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You might not have heard of cabin fever yet, but if you’re isolated and confined in a place for a given period of time - with or without any company - you’re likely to be plagued by a number of mental health issues. These issues might be short-term and you might feel better the moment the confinement and restrictions are lifted, but it won’t change the fact that cabin fever actually happened.

This is especially true given the current global scenario, where COVID-19 has spread to most parts of the world, leading to governments imposing partial or complete lockdown of most regions. In India, 75 districts were put under lockdown in late March 2020. This means that people across the country - just as much as people across the globe - are currently confined within their homes, hospitals, isolation wards, and other quarantine facilities. This makes cabin fever an inevitable issue as we each do our part to combat the spread of this new coronavirus infection.

It might not be a diagnosable medical condition yet, but the symptoms and treatment of cabin fever are linked to seasonal affective disorder (SAD) and claustrophobia. The term cabin fever was first coined to explain the behavioural issues experienced by passengers and crew members of ships undertaking long voyages. The term was later adopted by people travelling long distances in aeroplanes (especially trans-Atlantic ones), on holiday at isolated locations, and those stuck in homes during adverse weather conditions, political curfews and public health emergencies.

Cabin fever basically makes people feel imprisoned and restricted, which is what leads to feelings of irritability, sadness or depression, lack of motivation, hopelessness, etc. Given that the conditions outside the building where you might be restricted are not ideal, it might appear that there is no escaping cabin fever, which is why many people also experience a sense of doom if the confinement and lack of communication with the world outside continue for too long.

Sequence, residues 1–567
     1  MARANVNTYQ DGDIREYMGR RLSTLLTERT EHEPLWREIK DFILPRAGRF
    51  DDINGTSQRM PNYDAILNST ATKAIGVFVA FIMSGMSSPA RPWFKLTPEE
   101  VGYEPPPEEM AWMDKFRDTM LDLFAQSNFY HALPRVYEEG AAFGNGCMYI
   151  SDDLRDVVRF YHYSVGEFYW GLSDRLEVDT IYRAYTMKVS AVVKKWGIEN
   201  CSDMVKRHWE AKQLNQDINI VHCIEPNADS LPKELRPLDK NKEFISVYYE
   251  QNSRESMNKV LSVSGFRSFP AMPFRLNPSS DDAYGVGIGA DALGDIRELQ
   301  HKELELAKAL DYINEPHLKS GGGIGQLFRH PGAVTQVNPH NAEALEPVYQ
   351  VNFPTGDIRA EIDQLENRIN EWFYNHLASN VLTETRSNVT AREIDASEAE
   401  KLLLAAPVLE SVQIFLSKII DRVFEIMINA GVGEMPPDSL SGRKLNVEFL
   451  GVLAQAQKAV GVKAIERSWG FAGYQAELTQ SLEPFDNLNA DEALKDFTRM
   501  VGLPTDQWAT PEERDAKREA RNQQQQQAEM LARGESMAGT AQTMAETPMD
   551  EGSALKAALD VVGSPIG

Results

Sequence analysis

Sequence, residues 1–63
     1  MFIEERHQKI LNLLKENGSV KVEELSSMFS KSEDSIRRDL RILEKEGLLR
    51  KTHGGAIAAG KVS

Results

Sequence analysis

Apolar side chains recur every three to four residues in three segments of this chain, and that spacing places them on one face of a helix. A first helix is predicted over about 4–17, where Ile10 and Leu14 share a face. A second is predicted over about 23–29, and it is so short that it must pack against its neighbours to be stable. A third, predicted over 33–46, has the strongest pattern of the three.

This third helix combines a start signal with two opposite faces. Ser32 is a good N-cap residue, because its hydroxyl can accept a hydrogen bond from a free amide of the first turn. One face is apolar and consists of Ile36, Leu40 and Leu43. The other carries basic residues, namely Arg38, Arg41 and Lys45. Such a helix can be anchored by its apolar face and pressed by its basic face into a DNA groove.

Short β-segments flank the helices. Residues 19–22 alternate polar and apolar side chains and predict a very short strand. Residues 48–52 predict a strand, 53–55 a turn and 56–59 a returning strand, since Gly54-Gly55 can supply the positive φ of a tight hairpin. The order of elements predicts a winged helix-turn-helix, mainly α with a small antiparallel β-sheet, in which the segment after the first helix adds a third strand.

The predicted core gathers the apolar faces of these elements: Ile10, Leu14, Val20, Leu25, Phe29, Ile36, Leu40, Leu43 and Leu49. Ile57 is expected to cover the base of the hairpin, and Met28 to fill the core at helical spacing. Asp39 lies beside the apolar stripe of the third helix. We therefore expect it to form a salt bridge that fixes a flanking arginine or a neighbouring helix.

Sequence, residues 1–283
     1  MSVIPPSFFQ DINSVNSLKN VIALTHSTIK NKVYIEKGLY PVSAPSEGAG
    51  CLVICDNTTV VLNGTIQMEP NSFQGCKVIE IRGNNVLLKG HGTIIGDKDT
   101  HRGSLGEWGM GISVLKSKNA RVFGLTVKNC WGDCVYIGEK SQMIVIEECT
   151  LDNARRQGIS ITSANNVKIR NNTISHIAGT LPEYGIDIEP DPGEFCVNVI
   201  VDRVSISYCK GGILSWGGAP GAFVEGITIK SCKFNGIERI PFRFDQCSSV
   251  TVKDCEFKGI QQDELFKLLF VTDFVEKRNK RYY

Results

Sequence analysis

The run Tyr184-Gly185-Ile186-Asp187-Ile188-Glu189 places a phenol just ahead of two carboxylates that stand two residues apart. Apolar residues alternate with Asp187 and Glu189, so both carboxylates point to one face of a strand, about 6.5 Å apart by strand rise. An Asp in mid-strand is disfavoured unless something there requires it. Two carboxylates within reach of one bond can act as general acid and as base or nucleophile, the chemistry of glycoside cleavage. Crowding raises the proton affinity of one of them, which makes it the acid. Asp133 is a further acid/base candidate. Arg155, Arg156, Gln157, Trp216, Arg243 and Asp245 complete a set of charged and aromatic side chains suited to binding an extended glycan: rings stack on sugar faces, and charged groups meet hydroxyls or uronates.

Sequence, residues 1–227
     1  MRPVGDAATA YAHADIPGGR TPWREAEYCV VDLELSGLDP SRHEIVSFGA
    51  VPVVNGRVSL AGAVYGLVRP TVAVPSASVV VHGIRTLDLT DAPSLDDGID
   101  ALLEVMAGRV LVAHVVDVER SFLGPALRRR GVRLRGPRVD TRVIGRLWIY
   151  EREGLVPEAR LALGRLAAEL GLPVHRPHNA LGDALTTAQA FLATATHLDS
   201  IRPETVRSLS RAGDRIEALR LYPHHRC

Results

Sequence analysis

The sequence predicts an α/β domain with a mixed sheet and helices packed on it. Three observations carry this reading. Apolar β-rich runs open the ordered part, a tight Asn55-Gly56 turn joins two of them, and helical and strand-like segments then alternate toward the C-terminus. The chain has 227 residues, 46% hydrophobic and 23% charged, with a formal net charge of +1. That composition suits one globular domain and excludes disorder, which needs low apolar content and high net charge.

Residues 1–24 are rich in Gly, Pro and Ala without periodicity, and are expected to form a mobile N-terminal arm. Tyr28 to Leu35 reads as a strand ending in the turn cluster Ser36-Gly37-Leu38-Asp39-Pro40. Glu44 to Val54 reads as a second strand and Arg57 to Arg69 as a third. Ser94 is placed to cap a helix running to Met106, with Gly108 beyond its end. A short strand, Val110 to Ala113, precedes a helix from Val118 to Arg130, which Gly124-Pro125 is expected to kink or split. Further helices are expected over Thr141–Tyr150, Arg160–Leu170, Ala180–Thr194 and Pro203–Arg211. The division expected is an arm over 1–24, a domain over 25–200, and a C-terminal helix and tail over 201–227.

However, it’s important to remember that there are ways to manage and overcome cabin fever. By separating the most disturbing aspects of isolation and confinement, and addressing them together or in isolation, treating cabin fever can become quite easy. Here is everything you need to know about cabin fever.

  1. Cabin fever during COVID-19 pandemic
  2. Symptoms of cabin fever
  3. How to cope with cabin fever
  4. Doctors for Cabin fever in the time of coronavirus infection

The COVID-19 infection is a pandemic that has spread to 169 countries and regions of the world. This global public health crisis has put billions of lives at risk, and the isolation and quarantine of infected patients is the primary step taken by public health professionals to deal with the disease. This apart, most governments and public health services are attempting to clamp down the spread of this infectious disease by imposing partial or complete lockdowns on cities and nations. (Read more: What is social distancing?)

This means that due to the spread of the COVID-19 infection, confirmed patients and suspected patients are quarantined, while healthy citizens are also isolated in their homes. According to the World Health Organization (WHO) as well as the Indian Ministry of Health and Family Welfare (MoHFW) and the Indian Council of Medical Research (ICMR), the only way to slow down the progression of this disease is through self-isolation and quarantine by the general public.

It’s quite natural then that whether you are a confirmed patient or not, isolation and quarantine during the global health emergency posed by COVID-19 may give you a case of cabin fever. Add to this the fact that most people are working from home during the lockdown necessitated by the COVID-19 crisis, and you have a scenario where both the professional and private lives of most people are restricted within their homes, which they may or may not be sharing with loved ones. Cabin fever, in such a scenario, is inevitable and can lead to familial unpleasantness as well as personal mental health issues.

To manage and treat the occurrence of cabin fever, the first thing that needs to be done is to identify the symptoms and accept the fact that you have cabin fever. Identifying the symptoms in yourself or loved ones can be disturbing, but it’s necessary to do so to be able to cope with the situation. The following are the most common symptoms of cabin fever:

  • Restlessness
  • Lethargy
  • Sadness or depression
  • Lack of concentration
  • Lack of motivation
  • Loss or sudden surge of appetite